A six-kilometer mountainous corridor connecting Armenia and Nagorno-Karabakh, located in the Lachin district of Azerbaijan.

However, differences emerge beyond this point. Unlike Azerbaijan, Moldova lacks any significant military resources or means for a long-term Armed Forces development program. Moldova strictly advocates a peaceful path for the reintegration of the seceded region. Most importantly, the PMR has close economic ties with Moldova and the EU, with over 70% of Transnistria's population holding Moldovan passports.

Victor Ciobanu, Moldovan political analyst:

“I would refrain from drawing a parallel with the recent events in Karabakh, let alone using it as a model. While the temptation does exist, especially from fervently patriotic stances, the similarities between frozen conflicts within the former USSR—centering on the creation of separatist enclaves by the imperial center to retain influence and destabilize ex-Soviet nations—only go so far.

There will be no use of force to resolve the conflict, and this is the consistent official position of Chisinau. Even when the Ukrainian leadership suggested 'taking Transnistria in three days,' provided that Moldova would request Ukraine's assistance, such a request was not made, and the official position of Chisinau remained unchanged.”

A six-kilometer mountainous corridor connecting Armenia and Nagorno-Karabakh, located in the Lachin district of Azerbaijan.

There will be no use of force to resolve the conflict, and this is the consistent official position of Chisinau

Moldova is steadfast in its commitment to resolving the Transnistrian conflict through peaceful means. This resolution is expected to come after the conclusion of the ongoing war, Ukraine's victory, and the withdrawal of Russian troops from Transnistrian territory. Remarkably, Moldova could potentially secure EU membership by 2030, even if the conflict remains unresolved. This insight was shared by the European Union's High Representative for Foreign Affairs and Security Policy, Josep Borrell.

In this scenario, if the Republic of Moldova does not join the EU as a fully reintegrated nation, the authorities in Chisinau, in collaboration with international partners, will continue to seek solutions for the Transnistrian conflict, even post-EU accession. Speaking in terms of analogies and models, Moldova is more likely to follow the Cypriot model rather than the Karabakh model.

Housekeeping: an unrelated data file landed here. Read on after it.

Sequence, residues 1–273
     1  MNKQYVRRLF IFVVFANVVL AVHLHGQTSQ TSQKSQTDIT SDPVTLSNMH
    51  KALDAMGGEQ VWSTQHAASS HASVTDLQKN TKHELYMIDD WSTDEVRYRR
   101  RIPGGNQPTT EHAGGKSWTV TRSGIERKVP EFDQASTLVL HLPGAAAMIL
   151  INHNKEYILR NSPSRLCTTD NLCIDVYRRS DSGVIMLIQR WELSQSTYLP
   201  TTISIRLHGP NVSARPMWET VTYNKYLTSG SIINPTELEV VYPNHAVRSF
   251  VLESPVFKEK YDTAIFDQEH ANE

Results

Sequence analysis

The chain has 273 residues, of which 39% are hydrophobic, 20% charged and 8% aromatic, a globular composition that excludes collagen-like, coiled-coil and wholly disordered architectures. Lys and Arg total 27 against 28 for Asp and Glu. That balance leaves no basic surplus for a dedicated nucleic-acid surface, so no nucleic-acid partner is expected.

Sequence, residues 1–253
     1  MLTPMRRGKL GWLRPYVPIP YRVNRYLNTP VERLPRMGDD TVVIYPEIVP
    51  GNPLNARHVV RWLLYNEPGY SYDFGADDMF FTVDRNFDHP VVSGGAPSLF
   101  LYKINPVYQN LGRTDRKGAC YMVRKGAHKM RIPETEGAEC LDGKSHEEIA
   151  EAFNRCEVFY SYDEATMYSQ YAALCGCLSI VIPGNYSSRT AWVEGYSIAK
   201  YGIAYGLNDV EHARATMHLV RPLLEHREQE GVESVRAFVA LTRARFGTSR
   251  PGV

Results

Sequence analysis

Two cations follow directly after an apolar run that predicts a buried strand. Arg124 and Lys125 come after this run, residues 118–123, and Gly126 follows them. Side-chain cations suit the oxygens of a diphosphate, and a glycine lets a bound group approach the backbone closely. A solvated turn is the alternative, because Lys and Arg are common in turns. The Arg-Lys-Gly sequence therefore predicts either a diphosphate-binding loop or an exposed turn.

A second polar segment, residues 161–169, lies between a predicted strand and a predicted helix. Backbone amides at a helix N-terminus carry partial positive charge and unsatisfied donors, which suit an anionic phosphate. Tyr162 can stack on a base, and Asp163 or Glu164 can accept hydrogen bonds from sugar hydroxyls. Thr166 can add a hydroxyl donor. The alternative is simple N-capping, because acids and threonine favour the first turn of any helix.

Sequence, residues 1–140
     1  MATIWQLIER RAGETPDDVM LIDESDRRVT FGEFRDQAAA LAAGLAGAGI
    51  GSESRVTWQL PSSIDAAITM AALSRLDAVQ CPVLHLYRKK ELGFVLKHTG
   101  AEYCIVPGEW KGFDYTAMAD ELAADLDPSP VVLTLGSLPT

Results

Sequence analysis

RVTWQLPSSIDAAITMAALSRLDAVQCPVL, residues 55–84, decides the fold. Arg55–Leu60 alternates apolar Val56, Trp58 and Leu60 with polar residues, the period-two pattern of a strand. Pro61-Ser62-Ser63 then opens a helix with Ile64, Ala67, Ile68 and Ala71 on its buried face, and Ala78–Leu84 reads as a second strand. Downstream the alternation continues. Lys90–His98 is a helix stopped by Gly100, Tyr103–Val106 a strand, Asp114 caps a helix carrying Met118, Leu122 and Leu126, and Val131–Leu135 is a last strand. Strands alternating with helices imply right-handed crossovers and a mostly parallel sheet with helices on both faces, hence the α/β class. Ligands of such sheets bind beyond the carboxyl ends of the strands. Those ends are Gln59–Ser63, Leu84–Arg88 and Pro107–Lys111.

Alexei Tulbure, Director of the Institute of Oral History of Moldova and former Ambassador, Permanent Representative of Moldova to the United Nations:

“I wouldn't draw a direct or explicit correlation between the events in Nagorno-Karabakh and Transnistria. However, there is a common denominator—Russia's position. It's evident that the resolution in Nagorno-Karabakh, as it unfolded, is a consequence of the metamorphoses occurring within Russia, its weakening, and its failure to fulfill its obligations as a guarantor and mediator in this conflict.

Yes, the Transnistrian conflict is currently at its most opportune point for resolution. There have even been proposals from Kyiv for a forceful resolution by exerting pressure from Kyiv and Chisinau on Tiraspol. The challenge lies in the fact that after resolving the conflict, the territory needs to be integrated, involving half a million inhabitants who have lived in an entirely different reality. Laws and norms need to be aligned with those on the right bank of the Dniester. Moldova lacks these resources, but they are available in the West. Therefore, the resolution of the Transnistrian conflict needs to be coordinated, including with Western partners who will actively participate in this conflict.